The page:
This book (Practical Electron Microscopy and Database) is a reference for TEM and SEM students, operators, engineers, technicians, managers, and researchers.

=================================================================================
In EM measurements, electrons also scatter inelastically with phonons. These energy losses are of the order of a few tens of millielectronvolts (meV) and can therefore not be detected with transmission EELS measurement in an electron microscope. That is, such energy losses induced by crystal vibrations (called phonons) are indistinguishable from elastically scattered electrons. Furthermore, these quasielastic scattering processes broaden the zeroloss peak of EELS on the highenergy side.
Table 4347 shows that electrons interact with 1 electron, many electrons, 1 nucleus, and many nuclei in solids.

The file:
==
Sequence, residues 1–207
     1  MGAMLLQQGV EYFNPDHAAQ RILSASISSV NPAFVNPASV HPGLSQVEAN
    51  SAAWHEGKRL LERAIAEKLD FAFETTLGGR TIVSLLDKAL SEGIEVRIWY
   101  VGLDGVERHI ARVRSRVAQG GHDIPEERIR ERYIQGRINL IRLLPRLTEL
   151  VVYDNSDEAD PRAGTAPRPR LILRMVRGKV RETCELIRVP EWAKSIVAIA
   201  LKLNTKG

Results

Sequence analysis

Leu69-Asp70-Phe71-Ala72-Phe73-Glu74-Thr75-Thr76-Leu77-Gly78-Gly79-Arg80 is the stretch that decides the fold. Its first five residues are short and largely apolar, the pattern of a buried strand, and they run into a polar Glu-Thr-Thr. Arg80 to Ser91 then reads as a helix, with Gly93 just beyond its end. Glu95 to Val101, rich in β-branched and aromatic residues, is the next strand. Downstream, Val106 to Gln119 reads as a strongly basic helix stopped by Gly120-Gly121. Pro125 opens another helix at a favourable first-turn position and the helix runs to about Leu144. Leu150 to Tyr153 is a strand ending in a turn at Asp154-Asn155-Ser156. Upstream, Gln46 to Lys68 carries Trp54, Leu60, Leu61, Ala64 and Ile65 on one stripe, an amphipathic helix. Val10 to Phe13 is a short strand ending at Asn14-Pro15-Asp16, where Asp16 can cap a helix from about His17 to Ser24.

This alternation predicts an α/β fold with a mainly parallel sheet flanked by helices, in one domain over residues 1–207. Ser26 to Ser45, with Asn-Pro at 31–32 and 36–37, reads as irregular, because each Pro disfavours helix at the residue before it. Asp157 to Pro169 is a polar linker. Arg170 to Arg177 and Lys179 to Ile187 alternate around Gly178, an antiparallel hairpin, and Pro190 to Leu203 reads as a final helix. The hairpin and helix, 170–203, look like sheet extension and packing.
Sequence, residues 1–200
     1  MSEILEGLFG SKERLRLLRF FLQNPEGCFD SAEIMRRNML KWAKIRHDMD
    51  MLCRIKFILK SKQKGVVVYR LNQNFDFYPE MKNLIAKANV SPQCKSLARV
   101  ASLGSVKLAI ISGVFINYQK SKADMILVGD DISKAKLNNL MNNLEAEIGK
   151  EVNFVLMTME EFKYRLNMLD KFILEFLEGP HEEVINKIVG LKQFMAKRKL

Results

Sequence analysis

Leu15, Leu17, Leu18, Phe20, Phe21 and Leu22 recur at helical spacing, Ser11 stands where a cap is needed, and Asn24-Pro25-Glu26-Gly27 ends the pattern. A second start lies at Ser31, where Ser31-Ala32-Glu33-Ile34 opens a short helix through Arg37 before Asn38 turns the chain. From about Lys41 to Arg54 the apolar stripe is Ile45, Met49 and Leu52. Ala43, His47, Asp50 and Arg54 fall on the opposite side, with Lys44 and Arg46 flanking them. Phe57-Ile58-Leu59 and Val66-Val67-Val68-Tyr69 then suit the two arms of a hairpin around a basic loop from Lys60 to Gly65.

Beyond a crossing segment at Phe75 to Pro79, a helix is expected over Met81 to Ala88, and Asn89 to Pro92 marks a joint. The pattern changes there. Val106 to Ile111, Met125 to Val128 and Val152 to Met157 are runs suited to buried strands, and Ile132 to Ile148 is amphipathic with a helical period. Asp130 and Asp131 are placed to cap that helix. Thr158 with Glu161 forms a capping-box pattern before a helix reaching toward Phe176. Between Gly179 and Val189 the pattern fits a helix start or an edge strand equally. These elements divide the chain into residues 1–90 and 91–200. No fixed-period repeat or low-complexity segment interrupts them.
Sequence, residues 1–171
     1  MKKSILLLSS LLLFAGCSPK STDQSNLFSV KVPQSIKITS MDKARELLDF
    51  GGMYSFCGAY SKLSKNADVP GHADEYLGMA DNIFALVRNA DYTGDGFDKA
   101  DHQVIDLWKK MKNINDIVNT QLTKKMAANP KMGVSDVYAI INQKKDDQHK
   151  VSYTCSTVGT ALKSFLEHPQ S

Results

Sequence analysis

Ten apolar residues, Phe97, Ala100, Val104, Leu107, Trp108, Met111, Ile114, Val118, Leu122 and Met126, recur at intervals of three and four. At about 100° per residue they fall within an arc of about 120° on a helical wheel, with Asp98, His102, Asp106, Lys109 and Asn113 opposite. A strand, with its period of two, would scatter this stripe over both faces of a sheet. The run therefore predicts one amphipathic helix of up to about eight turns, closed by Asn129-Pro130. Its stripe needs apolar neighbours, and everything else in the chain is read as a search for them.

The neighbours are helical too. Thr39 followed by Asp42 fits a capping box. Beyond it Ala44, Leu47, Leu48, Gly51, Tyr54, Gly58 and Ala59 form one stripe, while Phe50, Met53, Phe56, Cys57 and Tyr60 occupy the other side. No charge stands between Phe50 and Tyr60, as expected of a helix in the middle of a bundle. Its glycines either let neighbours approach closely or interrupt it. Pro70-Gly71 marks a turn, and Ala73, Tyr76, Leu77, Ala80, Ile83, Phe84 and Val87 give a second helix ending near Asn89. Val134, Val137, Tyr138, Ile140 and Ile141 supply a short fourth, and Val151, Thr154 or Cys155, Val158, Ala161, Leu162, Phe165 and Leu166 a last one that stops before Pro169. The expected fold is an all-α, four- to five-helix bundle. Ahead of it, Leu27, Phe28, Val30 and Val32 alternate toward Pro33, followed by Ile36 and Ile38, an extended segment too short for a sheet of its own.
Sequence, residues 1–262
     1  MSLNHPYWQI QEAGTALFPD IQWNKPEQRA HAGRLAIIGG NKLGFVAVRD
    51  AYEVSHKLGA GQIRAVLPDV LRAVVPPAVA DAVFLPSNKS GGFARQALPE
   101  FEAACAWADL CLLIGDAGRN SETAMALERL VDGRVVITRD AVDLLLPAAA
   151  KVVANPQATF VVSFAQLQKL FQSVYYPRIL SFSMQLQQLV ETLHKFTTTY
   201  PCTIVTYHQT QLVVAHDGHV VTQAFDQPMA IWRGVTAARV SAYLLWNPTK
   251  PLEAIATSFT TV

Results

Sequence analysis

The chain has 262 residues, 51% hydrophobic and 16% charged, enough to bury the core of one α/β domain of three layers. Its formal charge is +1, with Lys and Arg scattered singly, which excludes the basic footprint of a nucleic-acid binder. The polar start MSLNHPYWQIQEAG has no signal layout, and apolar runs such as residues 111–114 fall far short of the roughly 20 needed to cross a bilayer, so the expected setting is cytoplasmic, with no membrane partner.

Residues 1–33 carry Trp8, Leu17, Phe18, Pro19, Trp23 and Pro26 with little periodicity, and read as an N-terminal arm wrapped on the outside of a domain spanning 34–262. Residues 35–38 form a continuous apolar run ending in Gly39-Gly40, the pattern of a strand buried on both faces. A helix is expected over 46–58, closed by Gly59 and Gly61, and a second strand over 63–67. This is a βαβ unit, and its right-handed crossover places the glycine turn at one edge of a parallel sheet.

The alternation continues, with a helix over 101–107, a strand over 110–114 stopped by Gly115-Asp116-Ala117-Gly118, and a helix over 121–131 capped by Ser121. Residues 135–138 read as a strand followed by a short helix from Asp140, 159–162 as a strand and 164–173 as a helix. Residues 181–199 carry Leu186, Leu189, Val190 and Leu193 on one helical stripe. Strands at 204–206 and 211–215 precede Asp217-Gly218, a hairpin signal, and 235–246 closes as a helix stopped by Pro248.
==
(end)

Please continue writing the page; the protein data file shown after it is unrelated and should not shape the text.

Table 4347. Effects of interactions of electrons in solids.

Interaction with electron(s) 
Interaction with nucleus/nuclei 

1 electron 
Many electrons 
1 nucleus 
Many nuclei 
Scattering type 
Inelastic 
Inelastic 
Quasielastic 
Elastic 
Inelastic 
Scattering effect 
Electron Compton effect; electron excitation (from 50 eV to a few keV: EDS and EELS) 
Plasmon excitation (< 50 eV, ~100 nm TEM specimen); Cerenkov effect 
Rutherford scattering; phonon scattering (< 1 eV, heat) 
Bragg scattering 
Bremsstrahlung 
In EM systems, the development of energyfiltered imaging attachments [1  5] has allowed removing the intensity from electrons scattered inelastically by any mechanism other than phonon scattering.
[1] T. Honda, T. Tomita, T. Kaneyama, Y. Ishida, Ultramicroscopy
54 (2–4) (1994) 132–144.
[2] O.L. Krivanek, A.J. Gubbens, N. Dellby, C.E. Meyer,
Microsc. Microanal. Microstruct. 3 (1992) 187–199.
[3] K. Tsuno, J. Electron Microsc. 48 (6) (1999) 801–820.
[4] K. Tsuno, T. Kaneyama, T. Honda, Y. Ishida, Nucl.
Instrum. Methods A 427 (1–2) (1999) 187–196.
[5] M. Tanada, K. Tsuda, M. Terauchi, K. Tsuno, T.
Kaneyama, T. Honda, Y. Ishida, J. Microsc. 194 (1999)
219–227.